The analog portion of the circuitry for the controller 10 is depicted principally in FIGS. 5 and 6. These figures depict the circuitry which is embodied by several of the blocks previously discussed in FIG. 1. The circuitry of FIG. 5 relates to blocks 14, 28 and 30 of FIG. 1 and account for the video input buffer, synchronization stripper and video clamp of block 14, luminance and chrominance demodulator of block 28 and the luminance and chrominance A/D conversion and chrominance multiplex of block 30.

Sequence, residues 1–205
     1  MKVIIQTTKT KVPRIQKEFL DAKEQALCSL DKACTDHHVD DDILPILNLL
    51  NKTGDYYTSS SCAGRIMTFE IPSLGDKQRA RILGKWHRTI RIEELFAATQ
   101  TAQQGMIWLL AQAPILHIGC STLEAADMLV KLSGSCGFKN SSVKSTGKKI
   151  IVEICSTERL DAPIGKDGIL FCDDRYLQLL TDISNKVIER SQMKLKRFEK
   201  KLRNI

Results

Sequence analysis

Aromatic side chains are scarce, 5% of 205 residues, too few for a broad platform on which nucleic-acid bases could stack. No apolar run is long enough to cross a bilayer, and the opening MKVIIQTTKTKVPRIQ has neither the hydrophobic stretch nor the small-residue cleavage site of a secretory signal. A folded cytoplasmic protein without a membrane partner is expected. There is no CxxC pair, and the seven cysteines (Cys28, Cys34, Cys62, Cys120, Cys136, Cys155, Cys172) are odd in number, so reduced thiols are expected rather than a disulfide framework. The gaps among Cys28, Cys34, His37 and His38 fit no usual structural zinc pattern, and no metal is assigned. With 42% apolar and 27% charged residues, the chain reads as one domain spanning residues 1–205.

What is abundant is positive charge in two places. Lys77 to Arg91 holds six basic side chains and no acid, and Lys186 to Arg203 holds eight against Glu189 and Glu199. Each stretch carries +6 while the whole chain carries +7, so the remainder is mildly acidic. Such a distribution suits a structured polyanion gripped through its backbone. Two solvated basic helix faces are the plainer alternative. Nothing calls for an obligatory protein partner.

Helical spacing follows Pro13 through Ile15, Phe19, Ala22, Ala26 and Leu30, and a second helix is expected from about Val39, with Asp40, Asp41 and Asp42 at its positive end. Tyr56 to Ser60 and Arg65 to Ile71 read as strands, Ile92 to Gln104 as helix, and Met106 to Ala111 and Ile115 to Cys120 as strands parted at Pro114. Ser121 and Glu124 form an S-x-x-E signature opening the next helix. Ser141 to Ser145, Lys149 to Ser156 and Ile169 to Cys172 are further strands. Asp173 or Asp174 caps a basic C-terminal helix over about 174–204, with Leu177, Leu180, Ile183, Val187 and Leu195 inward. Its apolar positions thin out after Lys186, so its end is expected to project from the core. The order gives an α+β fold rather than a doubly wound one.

As can be seen in FIG. 5, the video input to block 14 goes into a video analog buffer and feedback clamp circuit 502. The output from the feedback clamp 502 is provided to a 2 MHz lowpass filter 504. At this point in time, we are dealing with the luminance video information. The next stage includes a video amplifier 506 which amplifies the luminance signal by a factor of 13. The output of video amplifier 506 is fed back to the feedback clamp 502. The output of the video amplifier is also provided to a synchronization stripper 508. This synchronization stripper 508 strips off the synchronization information from the luminance data and provides same to the synchronization separation circuit 239 (FIG. 2) which separates the horizontal synchronization, vertical synchronization and field index pulses. This is also shown in block 16 of FIG. 1. The synchronization stripper 508 includes a comparator (not shown) to provide a digital synchronization signal. The signal from the video amplifier 506 additionally is provided to a six-bit flash A/D converter 510, also known as a parallel A/D converter. In a preferred embodiment, A/D converter 510 is comprised of an RCA chip CA3300. This is where the analog signal is placed in a digital form six bits deep and sampled at a rate of approximately 4.7 MHz. The output of the A/D converter 510 is latched into hex latch 512. The output from the hex latch 512 is then clocked through subsequent latches 514 and 516 is then clocked through subsequent latches 514 and 516 to form a delay of the luminance signal so as to actually match the chrominance signal which has a longer delay period because of the low-pass filter (described below) which has been used for the chrominance signal. From latch 516, the luminance signal is provided to Block 34 of FIG. 1.